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[CONFUSED]Question about Hooke's Law

  1. Nov 22, 2009 #1
    If I have a spring with a load and I oscillate it freely, applying hooke's law,

    TOP: GPE+EPE(Given by area under F-x graph)
    Equilibrium:KE (No EPE since x=0)
    Bottom:EPE Only

    Since energy is conserved, I have to assume that the extension (actually compression) at the top is less than extension at bottom as there is also GPE also at the top.

    Is this reasoning correct?

    But what about an oscillating spring being a example of simple harmonic motion? Isnt the amplitude from the equilibrium position supposed to be the same?

    Anyone help?
     
  2. jcsd
  3. Nov 22, 2009 #2

    tiny-tim

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    Hi qazxsw11111! :smile:

    Everything is shifted slightly.

    The equation of motion is x'' = -kx - mg,

    so put y = x + mg/k, then y'' = -ky, which is SHM, with equal amplitude either side of the equilibrium position, but with the equilibrium position where the mass would remain at rest. :wink:
     
    Last edited: Nov 22, 2009
  4. Nov 22, 2009 #3
    Hi Tiny-Tim =),

    How do you get a = -kx - mg ?

    What is actually the loophole in my reasoning:

    Quoted: "Since energy is conserved, I have to assume that the extension (actually compression) at the top is less than extension at bottom as there is also GPE also at the top."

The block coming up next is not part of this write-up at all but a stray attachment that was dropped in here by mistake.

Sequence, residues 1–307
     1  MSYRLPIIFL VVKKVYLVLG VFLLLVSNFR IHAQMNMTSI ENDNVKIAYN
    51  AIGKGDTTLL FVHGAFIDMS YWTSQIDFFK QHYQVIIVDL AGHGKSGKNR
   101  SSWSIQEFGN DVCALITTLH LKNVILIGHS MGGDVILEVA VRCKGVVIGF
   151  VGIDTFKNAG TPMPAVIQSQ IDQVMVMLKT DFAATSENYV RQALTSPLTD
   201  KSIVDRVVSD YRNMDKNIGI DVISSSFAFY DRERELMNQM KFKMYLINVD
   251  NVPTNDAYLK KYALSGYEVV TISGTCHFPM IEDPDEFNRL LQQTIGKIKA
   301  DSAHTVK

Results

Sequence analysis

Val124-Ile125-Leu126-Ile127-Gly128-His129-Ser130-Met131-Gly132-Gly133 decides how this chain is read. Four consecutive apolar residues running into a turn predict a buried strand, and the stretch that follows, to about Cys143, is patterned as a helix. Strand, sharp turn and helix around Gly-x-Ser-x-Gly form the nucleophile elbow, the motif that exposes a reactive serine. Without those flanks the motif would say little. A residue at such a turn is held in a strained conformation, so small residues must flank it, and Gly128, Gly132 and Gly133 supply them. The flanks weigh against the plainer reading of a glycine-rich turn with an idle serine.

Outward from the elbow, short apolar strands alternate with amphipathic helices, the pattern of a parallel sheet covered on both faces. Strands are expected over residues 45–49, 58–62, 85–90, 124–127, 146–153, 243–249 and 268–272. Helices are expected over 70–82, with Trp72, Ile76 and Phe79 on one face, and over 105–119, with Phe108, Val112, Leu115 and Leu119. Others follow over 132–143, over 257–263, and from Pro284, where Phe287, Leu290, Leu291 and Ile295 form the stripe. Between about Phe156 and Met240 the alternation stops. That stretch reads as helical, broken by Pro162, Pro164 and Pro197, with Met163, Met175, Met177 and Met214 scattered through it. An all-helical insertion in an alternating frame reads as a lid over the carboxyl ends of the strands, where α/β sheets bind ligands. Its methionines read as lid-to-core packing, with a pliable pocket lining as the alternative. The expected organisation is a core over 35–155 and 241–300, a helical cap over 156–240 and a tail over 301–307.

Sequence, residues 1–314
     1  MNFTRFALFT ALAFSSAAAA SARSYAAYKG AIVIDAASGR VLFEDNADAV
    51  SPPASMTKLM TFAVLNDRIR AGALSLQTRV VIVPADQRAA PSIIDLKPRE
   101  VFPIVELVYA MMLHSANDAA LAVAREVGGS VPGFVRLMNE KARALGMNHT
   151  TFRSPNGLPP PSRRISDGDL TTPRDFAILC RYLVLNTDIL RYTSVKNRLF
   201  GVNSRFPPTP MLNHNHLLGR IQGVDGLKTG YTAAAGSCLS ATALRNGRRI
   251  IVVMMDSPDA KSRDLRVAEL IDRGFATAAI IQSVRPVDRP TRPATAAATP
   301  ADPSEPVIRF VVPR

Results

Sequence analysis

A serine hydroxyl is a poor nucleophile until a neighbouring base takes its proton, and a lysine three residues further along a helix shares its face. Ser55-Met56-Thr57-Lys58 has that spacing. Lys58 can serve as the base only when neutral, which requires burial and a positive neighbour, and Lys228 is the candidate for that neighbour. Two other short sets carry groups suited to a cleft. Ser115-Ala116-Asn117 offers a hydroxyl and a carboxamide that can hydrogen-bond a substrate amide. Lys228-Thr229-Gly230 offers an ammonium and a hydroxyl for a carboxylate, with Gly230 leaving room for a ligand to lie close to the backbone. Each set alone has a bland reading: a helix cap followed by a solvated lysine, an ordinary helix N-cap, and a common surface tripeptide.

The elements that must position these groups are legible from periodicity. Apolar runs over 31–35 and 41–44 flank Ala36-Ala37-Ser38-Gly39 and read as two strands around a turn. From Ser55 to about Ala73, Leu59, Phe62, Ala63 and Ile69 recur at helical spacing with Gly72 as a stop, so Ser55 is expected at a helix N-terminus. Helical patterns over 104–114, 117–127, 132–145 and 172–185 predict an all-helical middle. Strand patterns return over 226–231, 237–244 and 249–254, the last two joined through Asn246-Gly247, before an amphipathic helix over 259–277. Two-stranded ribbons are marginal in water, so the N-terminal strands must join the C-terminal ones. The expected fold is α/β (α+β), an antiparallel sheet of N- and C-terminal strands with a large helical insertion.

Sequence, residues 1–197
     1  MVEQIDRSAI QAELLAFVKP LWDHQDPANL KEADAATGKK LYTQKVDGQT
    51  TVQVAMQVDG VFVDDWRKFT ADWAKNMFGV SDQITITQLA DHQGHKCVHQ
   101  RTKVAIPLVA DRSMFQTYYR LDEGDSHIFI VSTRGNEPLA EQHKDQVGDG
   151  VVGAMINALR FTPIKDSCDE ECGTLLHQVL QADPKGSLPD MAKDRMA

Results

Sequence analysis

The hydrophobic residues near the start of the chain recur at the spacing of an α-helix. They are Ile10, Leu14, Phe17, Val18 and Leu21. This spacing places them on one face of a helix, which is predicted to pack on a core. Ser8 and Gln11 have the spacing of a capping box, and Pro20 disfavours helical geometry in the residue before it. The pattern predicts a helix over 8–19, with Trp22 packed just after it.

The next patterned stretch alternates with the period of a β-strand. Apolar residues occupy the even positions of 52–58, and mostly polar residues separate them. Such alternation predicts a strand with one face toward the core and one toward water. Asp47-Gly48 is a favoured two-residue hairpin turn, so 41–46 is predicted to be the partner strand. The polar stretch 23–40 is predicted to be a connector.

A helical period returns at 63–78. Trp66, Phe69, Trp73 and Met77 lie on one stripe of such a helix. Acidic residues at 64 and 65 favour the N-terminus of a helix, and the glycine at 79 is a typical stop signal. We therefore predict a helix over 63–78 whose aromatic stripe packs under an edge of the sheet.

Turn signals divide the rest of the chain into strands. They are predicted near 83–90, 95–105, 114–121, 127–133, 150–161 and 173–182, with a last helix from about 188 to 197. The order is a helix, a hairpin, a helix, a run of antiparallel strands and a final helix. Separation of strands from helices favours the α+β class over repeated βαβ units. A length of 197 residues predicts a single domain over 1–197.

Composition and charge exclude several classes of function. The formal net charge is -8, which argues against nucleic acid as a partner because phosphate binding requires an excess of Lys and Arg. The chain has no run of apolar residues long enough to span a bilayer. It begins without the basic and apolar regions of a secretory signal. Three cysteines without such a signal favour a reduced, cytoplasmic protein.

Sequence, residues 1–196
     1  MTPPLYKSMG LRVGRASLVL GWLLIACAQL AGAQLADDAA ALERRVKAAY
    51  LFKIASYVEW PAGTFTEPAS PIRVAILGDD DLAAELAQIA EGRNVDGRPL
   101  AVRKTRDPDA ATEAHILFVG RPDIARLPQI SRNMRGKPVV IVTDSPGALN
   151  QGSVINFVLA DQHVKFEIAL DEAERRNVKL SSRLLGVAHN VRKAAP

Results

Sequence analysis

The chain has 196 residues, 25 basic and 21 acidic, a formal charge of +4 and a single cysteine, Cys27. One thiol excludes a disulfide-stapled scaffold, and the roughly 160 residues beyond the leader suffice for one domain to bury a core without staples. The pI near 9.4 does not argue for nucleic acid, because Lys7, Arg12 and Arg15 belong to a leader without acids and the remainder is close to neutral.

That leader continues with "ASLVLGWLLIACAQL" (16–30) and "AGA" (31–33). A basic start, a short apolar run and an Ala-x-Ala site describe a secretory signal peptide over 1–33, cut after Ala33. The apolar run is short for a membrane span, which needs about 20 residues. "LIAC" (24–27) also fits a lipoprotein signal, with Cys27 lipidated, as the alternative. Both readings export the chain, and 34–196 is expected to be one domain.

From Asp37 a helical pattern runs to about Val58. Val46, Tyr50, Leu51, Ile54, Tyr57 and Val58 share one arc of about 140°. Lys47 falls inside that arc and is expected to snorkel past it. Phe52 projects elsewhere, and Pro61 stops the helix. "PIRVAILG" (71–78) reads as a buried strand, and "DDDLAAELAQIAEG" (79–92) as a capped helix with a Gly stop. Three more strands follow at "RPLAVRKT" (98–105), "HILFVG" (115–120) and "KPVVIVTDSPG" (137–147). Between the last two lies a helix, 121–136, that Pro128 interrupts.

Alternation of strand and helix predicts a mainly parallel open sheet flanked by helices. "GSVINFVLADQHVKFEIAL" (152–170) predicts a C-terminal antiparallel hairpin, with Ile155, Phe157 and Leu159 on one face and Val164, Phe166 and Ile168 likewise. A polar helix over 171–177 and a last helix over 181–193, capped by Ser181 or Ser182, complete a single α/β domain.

At the top of the oscillation, both GPE and EPE are present right?

    I appreciate the help but still I can't help feeling confused.

    Thank you for your time.
     
  5. Nov 22, 2009 #4

    tiny-tim

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    (ooh, i left out an m … it should be mx'' = -kx - mg and my'' = - ky :redface:)
    Hi qazxsw11111! :smile:

    Good ol' Newton's second law … F = ma

    the F is -kx for the spring and -mg for gravity.
    Your reasoning is correct, but it doesn't contradict the actual result …

    everything is displaced slightly, by a distance mg/k.

    The extension (actually compression) at the top is less than the extension at bottom, if you measure it from the equilibrium-position-without-gravity (eg, if the spring is horizontal), but they are the same if you measure from a position mg/k lower. :wink:
     
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